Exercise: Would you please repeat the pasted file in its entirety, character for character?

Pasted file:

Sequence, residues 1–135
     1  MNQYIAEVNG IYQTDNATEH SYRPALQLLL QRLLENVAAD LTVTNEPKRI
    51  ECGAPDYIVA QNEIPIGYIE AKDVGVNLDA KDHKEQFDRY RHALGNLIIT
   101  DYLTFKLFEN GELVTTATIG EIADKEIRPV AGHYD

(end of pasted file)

Sequence, residues 1–135
     1  MNQYIAEVNG IYQTDNATEH SYRPALQLLL QRLLENVAAD LTVTNEPKRI
    51  ECGAPDYIVA QNEIPIGYIE AKDVGVNLDA KDHKEQFDRY RHALGNLIIT
   101  DYLTFKLFEN GELVTTATIG EIADKEIRPV AGHYD